BY INGEBORG PINT
Already for the second time Naturefriends participated in the Kankurang Festival in Janjanbureh (Gambia), on the occasion of a group trip of Naturefriends Baden (Germany) to the Landscape of the Year Senegal/The Gambia. This time the Festival lasted three days, from Friday 18 to Sunday 20 January 2019. The highlight was, on Saturday evening, the presentations of 15 groups – “real” Kankurangs and other masquerades like Zimba, Fairy, Kumpo, Hunting Devil and others. The supporting programme included guided tours in and around Janjanbureh, as well as craft and cooking workshops.
The Kankurang tradition
In the Mandinka tradition (Senegal and The Gambia) a Kankurang is a figure costumed from head to toe, whose identity is not recognizable and who has to provide for the protection of the initiates during initiation and circumcision rites, but also for order and security in the community in general. He (there are only a few female Kankurangs) embodies the spiritual and moral values of the traditional Mandinka society and is surrounded by many secrets. On the occasion of its inclusion in UNESCO’s List of Intangible Cultural Heritage in 2005, it was emphasized that the Kankurang „is a factor contributing to social cohesion, and to the transmission and teaching of a complex collection of knowhow and practices underpinning Manding cultural identity which is guarded by the initiates“.
The Kankurang Centre next to the fairground in Janjanbureh provides detailed information about this tradition and the various Kankurangs and other masked figures. Here the visitors learn what role each Kankurang type is assigned to and what the costumes consist of: bast fibres, mahogany branches and the bark of the camel foot tree (Bauhinia variegata) are the main components.
The Kankurang Festival So much for the traditional ritual background of the masquerade. Current Kankurang masquerades appear in a different setting, they are „performances“, „shows“, which in the eyes of many have contributed to the banalisation of tradition. Through the commercialisation and touristic „use“ of the Kankurang tradition, which thus becomes common property, the originally ritual processions lose their aura. Thus, the Kankurang Festival is also to be seen as a performance, as a „show” and is a tourist attraction for Janjanbureh and Gambia’s Central River District. It dates back to 1983 and was held regularly until 2008. After a ten-year break, it was reactivated in January 2018 on the occasion of the kick-off event of the Landscape of the Year Senegal/The Gambia and is now included in The Gambia’s national cultural calendar as an annual event in the second half of January. The Landscape of the Year can, therefore, be considered as a catalyst for the preservation of traditional cultural assets in a new context.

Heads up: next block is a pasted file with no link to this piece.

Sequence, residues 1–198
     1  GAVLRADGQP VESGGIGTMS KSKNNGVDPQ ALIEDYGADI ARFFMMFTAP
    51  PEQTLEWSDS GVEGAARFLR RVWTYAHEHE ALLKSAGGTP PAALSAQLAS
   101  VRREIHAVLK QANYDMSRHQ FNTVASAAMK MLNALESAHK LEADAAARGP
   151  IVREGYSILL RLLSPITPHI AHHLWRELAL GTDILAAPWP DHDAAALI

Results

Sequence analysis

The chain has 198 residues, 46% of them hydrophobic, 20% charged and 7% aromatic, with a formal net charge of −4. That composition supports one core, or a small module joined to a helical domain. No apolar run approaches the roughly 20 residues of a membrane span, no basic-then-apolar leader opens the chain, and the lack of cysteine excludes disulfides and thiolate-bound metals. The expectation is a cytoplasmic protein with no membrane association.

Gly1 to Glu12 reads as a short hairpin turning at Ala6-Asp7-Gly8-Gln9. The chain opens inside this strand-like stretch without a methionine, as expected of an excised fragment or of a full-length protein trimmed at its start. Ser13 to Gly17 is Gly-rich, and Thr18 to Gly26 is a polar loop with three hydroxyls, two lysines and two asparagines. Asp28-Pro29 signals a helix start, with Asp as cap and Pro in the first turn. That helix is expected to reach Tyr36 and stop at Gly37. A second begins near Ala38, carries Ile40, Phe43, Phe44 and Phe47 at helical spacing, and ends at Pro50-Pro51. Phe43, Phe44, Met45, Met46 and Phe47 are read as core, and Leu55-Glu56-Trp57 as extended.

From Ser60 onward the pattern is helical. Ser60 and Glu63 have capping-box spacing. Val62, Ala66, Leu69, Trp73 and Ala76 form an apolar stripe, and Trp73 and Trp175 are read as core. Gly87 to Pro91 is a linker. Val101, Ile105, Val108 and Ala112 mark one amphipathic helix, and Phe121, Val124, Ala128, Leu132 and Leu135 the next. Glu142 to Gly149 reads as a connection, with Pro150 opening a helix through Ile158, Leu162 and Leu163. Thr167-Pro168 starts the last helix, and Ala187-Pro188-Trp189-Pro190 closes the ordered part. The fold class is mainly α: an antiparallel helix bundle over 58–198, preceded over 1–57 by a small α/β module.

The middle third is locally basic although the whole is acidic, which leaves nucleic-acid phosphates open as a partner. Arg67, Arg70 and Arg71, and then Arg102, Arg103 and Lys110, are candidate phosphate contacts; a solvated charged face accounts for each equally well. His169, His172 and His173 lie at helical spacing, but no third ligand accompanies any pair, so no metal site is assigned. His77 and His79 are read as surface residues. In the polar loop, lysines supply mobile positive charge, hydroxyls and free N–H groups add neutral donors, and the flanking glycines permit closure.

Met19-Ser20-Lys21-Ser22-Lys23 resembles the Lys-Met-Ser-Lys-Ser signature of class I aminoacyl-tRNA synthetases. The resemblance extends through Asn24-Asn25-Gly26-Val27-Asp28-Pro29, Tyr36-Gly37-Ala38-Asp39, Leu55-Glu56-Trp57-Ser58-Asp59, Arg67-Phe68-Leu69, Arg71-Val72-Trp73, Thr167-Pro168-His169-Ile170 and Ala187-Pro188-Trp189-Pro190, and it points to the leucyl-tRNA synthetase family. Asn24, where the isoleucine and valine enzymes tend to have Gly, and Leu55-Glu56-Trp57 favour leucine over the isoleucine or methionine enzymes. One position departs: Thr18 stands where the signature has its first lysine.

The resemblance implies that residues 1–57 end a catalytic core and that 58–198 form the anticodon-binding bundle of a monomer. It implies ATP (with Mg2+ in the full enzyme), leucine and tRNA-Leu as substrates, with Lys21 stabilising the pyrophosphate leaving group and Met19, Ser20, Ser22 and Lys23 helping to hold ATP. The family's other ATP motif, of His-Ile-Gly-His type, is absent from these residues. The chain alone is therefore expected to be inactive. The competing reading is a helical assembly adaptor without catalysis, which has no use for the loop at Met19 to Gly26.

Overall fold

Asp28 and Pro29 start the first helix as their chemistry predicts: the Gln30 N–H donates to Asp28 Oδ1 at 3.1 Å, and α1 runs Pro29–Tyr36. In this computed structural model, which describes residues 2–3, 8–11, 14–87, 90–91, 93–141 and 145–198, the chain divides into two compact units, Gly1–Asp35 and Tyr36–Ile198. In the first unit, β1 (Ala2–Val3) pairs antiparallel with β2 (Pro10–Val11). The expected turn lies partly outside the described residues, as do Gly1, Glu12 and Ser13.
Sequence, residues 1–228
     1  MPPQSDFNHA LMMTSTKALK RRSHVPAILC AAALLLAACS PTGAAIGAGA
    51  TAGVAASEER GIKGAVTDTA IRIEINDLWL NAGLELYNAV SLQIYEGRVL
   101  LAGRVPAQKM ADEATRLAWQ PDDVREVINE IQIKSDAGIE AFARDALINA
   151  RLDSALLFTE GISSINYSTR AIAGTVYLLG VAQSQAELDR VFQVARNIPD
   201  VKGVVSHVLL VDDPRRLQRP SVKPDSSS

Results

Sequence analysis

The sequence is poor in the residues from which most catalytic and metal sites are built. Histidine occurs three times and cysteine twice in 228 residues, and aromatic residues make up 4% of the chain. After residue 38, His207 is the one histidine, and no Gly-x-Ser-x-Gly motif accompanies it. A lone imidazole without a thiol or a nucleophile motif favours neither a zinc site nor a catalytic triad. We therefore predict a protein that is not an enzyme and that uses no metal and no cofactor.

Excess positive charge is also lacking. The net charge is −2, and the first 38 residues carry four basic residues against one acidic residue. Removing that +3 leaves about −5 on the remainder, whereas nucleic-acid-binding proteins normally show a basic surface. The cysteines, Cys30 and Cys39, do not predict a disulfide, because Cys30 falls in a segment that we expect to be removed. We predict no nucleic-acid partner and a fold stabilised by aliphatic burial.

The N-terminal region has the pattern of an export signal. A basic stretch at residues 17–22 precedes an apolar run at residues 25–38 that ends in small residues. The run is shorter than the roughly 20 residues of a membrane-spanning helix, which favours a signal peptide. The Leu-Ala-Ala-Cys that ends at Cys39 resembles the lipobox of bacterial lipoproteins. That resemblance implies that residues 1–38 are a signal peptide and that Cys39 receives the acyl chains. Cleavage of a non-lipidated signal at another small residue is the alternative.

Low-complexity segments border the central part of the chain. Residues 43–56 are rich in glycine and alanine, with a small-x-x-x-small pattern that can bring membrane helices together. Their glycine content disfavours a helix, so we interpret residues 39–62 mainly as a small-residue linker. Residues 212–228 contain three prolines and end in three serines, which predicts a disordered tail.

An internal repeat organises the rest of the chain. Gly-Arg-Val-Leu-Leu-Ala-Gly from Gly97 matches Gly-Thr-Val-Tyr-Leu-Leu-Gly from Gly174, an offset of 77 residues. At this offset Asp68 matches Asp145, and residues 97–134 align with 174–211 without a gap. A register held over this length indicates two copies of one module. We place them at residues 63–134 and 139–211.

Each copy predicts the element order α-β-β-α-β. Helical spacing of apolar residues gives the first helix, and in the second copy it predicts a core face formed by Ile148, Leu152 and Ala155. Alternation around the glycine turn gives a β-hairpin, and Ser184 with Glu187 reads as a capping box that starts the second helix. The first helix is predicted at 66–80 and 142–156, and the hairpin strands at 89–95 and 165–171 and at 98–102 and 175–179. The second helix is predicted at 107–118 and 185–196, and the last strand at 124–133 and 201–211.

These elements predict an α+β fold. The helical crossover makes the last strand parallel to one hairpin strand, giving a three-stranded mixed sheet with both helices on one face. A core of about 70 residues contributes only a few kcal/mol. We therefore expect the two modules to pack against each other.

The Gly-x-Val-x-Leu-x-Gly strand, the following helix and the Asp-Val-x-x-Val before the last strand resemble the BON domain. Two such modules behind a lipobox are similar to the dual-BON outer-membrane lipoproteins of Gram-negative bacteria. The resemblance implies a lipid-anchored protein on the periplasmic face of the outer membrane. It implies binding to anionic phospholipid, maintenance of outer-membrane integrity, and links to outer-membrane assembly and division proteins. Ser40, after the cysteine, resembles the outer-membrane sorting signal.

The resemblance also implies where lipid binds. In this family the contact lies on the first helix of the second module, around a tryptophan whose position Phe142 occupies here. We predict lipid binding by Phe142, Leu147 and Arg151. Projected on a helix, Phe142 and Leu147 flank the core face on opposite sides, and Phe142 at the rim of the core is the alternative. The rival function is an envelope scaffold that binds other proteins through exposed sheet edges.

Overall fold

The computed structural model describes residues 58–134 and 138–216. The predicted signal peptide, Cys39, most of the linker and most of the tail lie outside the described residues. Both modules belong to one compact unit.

With some concern, however, it is seen how climate change and deforestation also affect the Kankurang masquerades: almost all the figures should be originally dressed in natural materials – leaves, bark, shells, etc. Especially the mahogany resources have decreased dramatically, so that more and more substitute materials are used for the costumes of the Kankurangs.
The festival takes place at a traditional place of worship: the „Tinyangsita“ square. The spectators stand or sit on three sides of the quadrilateral, at the fourth there are stalls with products of different cooperatives and tourist souvenir articles. Here, too, it becomes evident that this is a carnival-like event, inspired by the traditional parades of the Kankurangs, which have a ritual background.
This „carnival“, however, is very impressive – as the sun sets, the square gradually fills up and a master of ceremonies announces the first Kankurang group. Now one presentation follows the other – the whole programme lasts about three hours. Again, and again drum rolls accompany the Kankurang in his songs and dances. Special applause goes to a group of figures who do not come from the Mandinka tradition: Zimba, the „false lion“ – a person dressed up and made up as a lion, accompanied by his „wives“, who are portrayed by men. The variety of the groups is impressive, the audience reacts enthusiastically.
The costumes of the figures too, illustrate the departure from tradition. Instead of plant materials, one sees wool and plastic, and the costume of a Kankurang’s companion is covered over and over with crown corks of various drinks. The young men dressed as Zimba’s wives wear shoes with provocative high heels, lascivious clothes and fishnet tights. This is where tradition and modernity meet.
The impressive conclusion of the programme is Jamba Jabally, a figure wrapped entirely in foliage, whose singing – even if one does not understand the words – has a lasting effect. This calm and haunting performance is the signal for the spectators to slowly leave the festival ground. It is perhaps best suited to recreate the originally cultic background of the Kankurang masquerades.